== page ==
Their debut album ‘Angels Cry’, recorded at Kai Hanson’s studios in Germany and originally released in early 1993, soon went gold in Japan. A heady mix of progressive metal, classical themes and Brazilian rhythms … it was a far cry from the brutal thrash metal purveyed by the likes of Sepultura. “The Brazilian scene is actually quite odd,” says Andre, “there’s a little bit of everything in there, 70′s metal, progressive metal, rock, blues … you name it. The thing was I think that Sepultura were the first band to break big outside of Brazil, so naturally everyone just assumed that the country had this huge thrash scene and very little else. But the truth is that there are a lot of different bands, almost all of them contemporary to, or like Viper, even earlier than Sepultura, and the scene is pretty healthy.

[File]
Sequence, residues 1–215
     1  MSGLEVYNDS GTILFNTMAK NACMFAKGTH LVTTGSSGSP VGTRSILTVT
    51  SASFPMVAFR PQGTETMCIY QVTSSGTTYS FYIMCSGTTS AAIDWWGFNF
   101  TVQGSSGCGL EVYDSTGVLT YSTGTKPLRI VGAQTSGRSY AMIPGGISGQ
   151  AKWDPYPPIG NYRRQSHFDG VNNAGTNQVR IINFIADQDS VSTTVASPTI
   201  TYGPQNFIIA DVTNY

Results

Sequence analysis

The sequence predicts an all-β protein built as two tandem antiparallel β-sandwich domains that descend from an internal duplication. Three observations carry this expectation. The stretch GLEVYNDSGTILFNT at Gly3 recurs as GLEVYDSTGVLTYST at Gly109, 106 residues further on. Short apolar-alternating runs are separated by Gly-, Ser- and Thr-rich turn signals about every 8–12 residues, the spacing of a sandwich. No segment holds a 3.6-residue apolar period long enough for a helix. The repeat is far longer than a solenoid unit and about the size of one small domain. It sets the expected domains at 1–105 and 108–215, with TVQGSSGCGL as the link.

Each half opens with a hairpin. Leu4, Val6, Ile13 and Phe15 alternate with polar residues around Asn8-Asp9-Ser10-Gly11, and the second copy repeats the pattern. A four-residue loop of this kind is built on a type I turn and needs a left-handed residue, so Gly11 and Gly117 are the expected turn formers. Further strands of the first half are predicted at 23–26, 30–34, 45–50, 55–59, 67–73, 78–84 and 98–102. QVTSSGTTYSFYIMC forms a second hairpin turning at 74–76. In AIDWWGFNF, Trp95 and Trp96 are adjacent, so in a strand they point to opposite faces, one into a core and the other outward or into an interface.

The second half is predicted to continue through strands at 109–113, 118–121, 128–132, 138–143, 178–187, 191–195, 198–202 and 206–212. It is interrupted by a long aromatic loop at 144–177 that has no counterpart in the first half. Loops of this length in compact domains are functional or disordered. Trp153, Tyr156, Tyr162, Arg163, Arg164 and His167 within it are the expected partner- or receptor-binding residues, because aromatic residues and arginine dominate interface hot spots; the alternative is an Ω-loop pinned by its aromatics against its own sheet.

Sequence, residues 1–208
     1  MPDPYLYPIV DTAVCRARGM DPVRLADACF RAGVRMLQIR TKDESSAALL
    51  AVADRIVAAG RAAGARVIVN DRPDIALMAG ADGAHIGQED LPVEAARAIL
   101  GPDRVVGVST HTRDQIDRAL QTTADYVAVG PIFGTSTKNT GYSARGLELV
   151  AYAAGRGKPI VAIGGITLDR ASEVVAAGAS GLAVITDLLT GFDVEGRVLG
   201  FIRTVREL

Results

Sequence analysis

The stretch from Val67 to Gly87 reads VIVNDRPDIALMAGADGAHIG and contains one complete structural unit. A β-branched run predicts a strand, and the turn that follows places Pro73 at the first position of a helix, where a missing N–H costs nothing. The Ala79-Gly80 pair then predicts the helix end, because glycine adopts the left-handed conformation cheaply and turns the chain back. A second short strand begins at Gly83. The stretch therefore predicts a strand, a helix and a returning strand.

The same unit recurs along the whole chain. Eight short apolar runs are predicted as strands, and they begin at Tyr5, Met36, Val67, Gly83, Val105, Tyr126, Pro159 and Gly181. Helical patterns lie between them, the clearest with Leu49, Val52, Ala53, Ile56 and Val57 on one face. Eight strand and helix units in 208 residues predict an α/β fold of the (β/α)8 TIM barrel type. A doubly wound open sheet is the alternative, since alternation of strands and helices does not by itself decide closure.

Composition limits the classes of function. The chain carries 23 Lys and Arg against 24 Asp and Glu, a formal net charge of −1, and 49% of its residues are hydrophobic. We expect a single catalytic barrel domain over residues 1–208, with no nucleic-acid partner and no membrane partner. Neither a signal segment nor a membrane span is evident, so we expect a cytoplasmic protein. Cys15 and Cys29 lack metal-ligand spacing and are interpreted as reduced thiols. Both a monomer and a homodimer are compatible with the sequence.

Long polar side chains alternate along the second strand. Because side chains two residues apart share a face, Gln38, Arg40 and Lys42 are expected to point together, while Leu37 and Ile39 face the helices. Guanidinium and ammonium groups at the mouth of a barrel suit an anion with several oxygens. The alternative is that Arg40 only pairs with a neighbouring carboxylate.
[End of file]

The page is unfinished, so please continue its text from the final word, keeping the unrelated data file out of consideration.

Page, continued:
In March 1996, Angra released their second album ‘Holy Land’ (the first with new drummer Ricardo Confessori), a far more mature and ambitious sounding recording exploring the more sophisticated side of their music. A concept album, my only criticism would perhaps be that it sounds a little too clinical, too far removed from the band’s stage sound. “Absolutely,” agrees Andre, “that’s exactly why we’ve tried to pitch the new one somewhere in-between the two, just to try and rescue that earlier raw energy we had. I’d have to admit that ‘Holy Land’ was a great album for the band because it enabled us to establish Angra as an individual sound in our own right. It was a very personal album for us too, very deep, especially lyrically. At the time ‘Angels Cry’ was released everyone was comparing us to the likes of Iron Maiden, or Helloween, stuff like that. OK, I’II admit it, of course we have our influences, I think it’s healthy that all young bands should be influenced by something, have their own heroes, you know. With ‘Holy Land’ though, we got past all that, and came up with something that was uniquely ours, I just think that perhaps we got too caught up in the quest to be different, and that’s why it lacks that bite the first one had. Thing was though, when we took those songs from the album and played them live, they naturally became more aggressive and energetic, heavier even. Everyone kept telling us how much more powerful we sounded live, so we decided that next time we’d try and capture that feeling in the studio.”